Structural Geography Overview: Synclines
In structural geology, a syncline is a fold structure in which the sides of the fold slope together. To geologists, folds are defined by waves in stratified layers of rock of the Earth's crust. Stratified layers of rock are generally formed by sediments layered over time on a flat, horizontal surface. But as the Earth's crust continues to move through their natural phases of destruction and rebuilding, these formerly flat layers of rock become warped and can create folds. The type of tension typically associated with the formation of folds is the compressional stress that occurs with the forces that build the Earth's mountainous landscapes, however, folds are rarely formed by a single process. In nature, the Earth's crust is constantly responding to a combinations or forces, pressures, and tensions.
There are two primary types of these folds: synclines and anticlines. Technically, until the relative ages of the rocks are confirmed, the structures of these folds can be called syncforms for the downward closing fold and antiforms (which are generally also anticlines) for the upward closing form. The terms syncline and anticline refer to these structures and the relative ages of the layers of rock involved. A tip for remembering the typical shapes of these structures is that antiforms generally form an "A" shape, whereas syncforms form the shape of the bottom of an "S."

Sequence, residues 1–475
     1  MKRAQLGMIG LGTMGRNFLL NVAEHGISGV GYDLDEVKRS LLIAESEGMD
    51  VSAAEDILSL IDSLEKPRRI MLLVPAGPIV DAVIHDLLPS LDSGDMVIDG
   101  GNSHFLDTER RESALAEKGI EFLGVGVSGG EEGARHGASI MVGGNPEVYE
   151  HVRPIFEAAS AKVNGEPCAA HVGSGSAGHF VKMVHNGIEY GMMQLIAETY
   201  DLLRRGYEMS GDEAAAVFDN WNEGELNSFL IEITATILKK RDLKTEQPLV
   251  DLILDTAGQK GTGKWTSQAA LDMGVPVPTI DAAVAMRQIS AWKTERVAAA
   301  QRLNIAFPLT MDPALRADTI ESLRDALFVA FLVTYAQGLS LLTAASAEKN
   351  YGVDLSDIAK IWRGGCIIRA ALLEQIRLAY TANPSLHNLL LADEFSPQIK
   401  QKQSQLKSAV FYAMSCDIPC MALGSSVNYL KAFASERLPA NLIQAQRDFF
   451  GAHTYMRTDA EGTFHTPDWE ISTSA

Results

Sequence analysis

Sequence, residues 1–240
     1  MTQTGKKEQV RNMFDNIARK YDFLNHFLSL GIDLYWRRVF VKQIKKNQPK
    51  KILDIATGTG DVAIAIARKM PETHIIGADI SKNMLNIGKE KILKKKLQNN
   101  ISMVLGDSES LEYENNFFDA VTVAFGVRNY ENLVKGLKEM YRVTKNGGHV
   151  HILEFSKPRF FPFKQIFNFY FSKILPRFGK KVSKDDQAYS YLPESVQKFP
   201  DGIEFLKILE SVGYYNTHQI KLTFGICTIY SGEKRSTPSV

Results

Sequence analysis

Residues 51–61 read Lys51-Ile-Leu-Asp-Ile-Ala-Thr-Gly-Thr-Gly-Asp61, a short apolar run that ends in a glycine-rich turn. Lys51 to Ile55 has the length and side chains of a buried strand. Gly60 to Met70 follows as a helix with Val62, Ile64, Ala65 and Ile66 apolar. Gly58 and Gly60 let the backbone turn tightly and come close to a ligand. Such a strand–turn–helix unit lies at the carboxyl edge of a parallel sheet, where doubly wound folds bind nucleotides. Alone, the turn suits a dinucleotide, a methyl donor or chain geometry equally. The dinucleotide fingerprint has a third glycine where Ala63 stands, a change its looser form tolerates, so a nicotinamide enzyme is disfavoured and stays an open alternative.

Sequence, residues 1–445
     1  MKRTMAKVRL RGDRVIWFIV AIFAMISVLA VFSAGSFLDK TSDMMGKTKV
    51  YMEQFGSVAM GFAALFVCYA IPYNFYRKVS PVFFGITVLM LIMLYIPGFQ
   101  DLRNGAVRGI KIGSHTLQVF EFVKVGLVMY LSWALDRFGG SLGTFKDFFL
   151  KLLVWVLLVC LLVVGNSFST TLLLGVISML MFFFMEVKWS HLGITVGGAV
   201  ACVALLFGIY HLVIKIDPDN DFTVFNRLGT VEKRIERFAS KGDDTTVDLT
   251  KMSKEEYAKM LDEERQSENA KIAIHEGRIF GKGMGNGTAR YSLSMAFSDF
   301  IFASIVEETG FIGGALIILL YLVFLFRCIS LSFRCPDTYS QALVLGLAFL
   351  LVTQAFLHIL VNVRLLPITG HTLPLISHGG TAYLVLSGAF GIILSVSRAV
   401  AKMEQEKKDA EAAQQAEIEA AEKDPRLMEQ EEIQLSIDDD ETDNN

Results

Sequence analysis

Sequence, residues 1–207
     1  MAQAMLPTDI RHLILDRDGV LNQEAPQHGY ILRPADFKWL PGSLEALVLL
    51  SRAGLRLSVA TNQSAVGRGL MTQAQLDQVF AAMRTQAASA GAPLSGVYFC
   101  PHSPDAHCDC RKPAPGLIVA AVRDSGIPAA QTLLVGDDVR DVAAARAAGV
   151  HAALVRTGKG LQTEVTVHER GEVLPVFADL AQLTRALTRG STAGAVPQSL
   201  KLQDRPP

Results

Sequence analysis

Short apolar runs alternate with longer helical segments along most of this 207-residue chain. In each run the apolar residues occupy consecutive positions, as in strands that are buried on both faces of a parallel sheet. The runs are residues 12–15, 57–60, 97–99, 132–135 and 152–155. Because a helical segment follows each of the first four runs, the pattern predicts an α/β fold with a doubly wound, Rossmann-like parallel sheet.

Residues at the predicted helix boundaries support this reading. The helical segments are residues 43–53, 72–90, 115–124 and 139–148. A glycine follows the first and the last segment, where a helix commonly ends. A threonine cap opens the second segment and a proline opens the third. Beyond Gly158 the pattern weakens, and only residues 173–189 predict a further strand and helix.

In a syncline, the fold forms a concave upward shape with the layers of younger rock (or rock that had been originally deposited on the top-most layer of the horizontal surface) closer to the center or hinge of the structure.
Synclines in Nature: Ellesmere Island
Most natural synclines do not form as perfectly as the teaching diagrams illustrate in geology textbooks. In fact, geologists generally determine locations of anticlines and synclines only after erosion has exposed the rock layers. Additionally, the forces shaping the rock can be so gentle (in relative geological terms) that that the folds are be barely perceptible. Synclines have been discovered to be as small as a hand specimen. However, a geologist's syncline dream can be realized in the Canadian Arctic on Ellesmere Island, where an extremely well-formed and large syncline exists. Composed of fossiliferous limestone, shale, and sandstone, the Ellesmere Island syncline is one of the most famous. To make the syncline all the more unique, the Ellesmere Island syncline is actually an antiformal syncline, or one that has occurred in overturned strata (sedimentary rock that has been turned upside down after the fold was created).
Synclines and Typography
Geologic structures like synclines do not always affect the topography of the surrounding landscape. As such, a syncline does not necessarily create a valley or basin landscape. Synclines tend to have a greater effect on topography in very young landscapes, but generally the expression of a syncline is dependent on the rock layers themselves. If softer rocks are in the core of the syncline, they will erode to form a valley, but if the inner layers are harder, erosion carves them into a peak instead.